The issue of payment has split many the opinion when it comes to internships.
There is great merit to the unpaid internship when conducted in a professional decent manner; however it is the uncertainty surrounding many of these positions which has given rise to good old fashioned exploitation.
Unpaid internships have become a hot topic in recent weeks. An advert for an intern position within So Sue Me was the proverbial spark which set alight a tinderbox of frustration amongst the population of journalists who continue to struggle in the hunt for work.
Úna Kavanagh, a journalist who is currently seeking employment explained that the “lack of clarity” is what threw her immediately on seeing the ad, as well as the fact that “the person was expected to have proven skills before they should even consider applying” a request which serves only to benefit the employer. Úna hit the nail on the head by declaring that “ultimately it comes down to whether you’re learning something new.”
There must be a balance between monetary reward and the process of learning the essential skills necessary to increase employability, yet in all too many cases there is a worrying lack of either incentives. What is yet more worrying is that even in the absence of any real incentive, the position will be filled by aspiring writers clutching desperately for a foothold on the employment ladder.
This is by no means a call for the extermination of this particular species of internship. Unpaid internships have been the making of some of Ireland’s leading journalists and media moguls have themselves been through the process.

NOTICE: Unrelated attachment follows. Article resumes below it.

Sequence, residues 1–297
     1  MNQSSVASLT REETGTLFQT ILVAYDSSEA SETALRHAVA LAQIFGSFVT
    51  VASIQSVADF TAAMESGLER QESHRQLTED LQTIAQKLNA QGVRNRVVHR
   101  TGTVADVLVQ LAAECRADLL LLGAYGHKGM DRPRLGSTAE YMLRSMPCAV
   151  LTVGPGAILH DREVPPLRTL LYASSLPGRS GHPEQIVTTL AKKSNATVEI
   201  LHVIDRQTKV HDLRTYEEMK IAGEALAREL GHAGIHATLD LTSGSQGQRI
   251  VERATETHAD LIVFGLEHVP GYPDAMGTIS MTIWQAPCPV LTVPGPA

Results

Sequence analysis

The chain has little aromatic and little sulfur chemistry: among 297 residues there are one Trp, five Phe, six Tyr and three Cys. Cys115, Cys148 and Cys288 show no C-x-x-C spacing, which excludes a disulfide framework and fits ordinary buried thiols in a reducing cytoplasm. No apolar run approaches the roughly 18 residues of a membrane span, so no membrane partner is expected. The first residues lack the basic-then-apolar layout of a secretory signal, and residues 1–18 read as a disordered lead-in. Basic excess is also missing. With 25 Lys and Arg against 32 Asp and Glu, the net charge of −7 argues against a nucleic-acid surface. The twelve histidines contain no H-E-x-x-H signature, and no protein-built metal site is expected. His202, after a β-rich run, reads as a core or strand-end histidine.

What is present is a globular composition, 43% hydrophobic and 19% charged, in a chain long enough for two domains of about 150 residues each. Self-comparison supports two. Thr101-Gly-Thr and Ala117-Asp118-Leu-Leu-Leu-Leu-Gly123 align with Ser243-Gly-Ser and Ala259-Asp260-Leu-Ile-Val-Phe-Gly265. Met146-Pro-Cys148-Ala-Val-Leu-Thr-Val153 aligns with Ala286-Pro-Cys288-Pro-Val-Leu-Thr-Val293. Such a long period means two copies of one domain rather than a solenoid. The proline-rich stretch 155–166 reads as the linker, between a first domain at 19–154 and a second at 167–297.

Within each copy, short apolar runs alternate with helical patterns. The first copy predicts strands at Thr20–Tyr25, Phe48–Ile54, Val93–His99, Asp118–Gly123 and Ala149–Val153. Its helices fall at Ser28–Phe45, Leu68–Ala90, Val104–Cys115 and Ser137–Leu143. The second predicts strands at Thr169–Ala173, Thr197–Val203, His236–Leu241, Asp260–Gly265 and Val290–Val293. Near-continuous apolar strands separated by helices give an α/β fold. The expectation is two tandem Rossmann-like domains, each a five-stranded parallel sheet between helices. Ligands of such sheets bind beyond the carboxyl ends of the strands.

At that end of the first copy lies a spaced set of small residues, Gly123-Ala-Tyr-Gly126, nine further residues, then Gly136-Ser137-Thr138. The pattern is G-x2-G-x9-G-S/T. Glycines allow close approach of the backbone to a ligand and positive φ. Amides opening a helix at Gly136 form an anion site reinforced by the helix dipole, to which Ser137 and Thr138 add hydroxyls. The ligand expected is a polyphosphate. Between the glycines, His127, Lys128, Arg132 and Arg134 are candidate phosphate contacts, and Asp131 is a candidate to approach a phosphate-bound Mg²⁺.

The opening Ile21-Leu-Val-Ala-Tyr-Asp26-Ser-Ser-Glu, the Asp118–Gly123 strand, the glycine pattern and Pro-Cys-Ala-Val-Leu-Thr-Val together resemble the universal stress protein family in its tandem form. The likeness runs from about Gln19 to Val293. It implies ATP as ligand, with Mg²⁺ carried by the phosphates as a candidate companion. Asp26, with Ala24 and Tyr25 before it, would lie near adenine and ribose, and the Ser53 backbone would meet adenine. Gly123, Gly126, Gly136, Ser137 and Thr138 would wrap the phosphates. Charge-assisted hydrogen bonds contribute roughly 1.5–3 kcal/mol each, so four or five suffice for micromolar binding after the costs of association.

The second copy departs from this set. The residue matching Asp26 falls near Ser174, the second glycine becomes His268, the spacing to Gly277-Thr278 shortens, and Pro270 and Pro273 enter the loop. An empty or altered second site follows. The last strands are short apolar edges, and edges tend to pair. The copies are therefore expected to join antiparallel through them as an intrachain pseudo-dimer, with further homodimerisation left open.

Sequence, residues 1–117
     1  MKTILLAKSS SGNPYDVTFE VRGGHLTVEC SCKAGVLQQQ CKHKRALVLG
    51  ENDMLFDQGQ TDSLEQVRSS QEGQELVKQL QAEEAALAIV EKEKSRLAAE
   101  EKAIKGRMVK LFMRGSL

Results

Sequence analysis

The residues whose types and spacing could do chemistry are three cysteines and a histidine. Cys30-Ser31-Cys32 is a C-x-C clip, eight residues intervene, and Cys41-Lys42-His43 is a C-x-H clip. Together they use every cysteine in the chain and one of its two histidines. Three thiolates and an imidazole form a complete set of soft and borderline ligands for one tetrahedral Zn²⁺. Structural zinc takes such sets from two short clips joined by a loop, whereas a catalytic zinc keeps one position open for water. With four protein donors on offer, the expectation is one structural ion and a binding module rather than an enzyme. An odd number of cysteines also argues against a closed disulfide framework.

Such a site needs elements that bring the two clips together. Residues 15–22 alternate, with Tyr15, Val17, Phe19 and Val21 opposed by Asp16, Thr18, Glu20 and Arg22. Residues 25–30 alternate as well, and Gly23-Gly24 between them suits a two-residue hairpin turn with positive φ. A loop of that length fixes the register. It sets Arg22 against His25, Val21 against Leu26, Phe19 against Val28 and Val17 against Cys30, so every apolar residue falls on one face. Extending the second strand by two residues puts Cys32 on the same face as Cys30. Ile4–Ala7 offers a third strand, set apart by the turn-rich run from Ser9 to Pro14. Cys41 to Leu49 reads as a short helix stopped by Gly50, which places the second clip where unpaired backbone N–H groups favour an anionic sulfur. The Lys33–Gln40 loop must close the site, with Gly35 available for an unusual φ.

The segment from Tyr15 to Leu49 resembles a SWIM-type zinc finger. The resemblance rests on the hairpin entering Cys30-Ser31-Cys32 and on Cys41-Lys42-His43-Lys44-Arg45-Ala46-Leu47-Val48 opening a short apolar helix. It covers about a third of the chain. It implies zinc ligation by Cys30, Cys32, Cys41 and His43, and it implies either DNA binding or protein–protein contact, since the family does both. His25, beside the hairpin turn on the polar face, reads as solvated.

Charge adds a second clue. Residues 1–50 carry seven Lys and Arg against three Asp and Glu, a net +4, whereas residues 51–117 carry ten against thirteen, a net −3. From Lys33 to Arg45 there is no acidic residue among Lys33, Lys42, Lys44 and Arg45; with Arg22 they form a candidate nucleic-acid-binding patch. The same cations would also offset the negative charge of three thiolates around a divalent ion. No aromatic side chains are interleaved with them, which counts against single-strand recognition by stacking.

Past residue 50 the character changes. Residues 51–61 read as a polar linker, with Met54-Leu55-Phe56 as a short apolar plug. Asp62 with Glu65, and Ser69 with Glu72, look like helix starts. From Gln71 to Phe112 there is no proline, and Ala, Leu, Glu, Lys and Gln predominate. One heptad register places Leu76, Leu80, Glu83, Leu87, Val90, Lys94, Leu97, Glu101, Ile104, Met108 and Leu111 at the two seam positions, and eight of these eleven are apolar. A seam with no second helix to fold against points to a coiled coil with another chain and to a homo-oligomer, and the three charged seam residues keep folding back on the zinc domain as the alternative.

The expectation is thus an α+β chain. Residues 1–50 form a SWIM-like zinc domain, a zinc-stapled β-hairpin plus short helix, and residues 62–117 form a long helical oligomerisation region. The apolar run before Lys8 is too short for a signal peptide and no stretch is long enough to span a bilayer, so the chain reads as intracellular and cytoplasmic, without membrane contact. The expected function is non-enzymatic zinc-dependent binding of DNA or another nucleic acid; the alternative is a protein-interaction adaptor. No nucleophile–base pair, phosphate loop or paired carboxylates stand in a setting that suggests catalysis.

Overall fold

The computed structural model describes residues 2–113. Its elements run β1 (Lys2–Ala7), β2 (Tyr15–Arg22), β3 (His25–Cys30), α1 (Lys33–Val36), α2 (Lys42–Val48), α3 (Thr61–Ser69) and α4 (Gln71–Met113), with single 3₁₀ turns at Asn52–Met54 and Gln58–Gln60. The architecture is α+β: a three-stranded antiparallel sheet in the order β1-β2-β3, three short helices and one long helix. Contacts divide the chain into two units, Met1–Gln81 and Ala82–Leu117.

Sarah Doran, a successful freelance journalist, broadcaster and media professional is a shining example of the power of the unpaid internship. Only two months into her first long haul unpaid internship, Sarah was granted the opportunity to take over an entire section of entertainment.ie, launching her on a career trajectory to be proud of.
Yet she too has had to turn down positions due to the logistical challenges of working for so long without any remuneration.
Sarah speaks for journalists nationwide when she calls for employers to realise that internships are an “opportunity to discover new talent and train someone who could become a valuable asset to a business or company, not simply get in cheap labour who can be shipped out and replaced by the next willing applicant.” It is this attitude of dishonour amongst employers which is so damaging to the development of budding writers in Ireland.
All hope is not lost, despite this tale of woe. Speaking to RTE’s Claire Daly Live last week, JOE.ie’s Niall McGarry insisted that interns must be paid for the work they do as would any other employee, fair is fair. Bob Coggins, managing director of Havas Worldwide is another of the good guys when it comes to hiring interns; “I always pay interns. I expect them to work hard, learn hard and be as clever and resourceful in return.” This attitude leaves no room for bullshit and is exactly what is needed in combatting dead end unpaid positions.
It is difficult to envisage an end to the ‘conveyor belt’ effect felt by interns today. Yet I remain hopeful that publications will wake up and realise that they are missing out on a goldmine of bright young minds by refusing to shell out.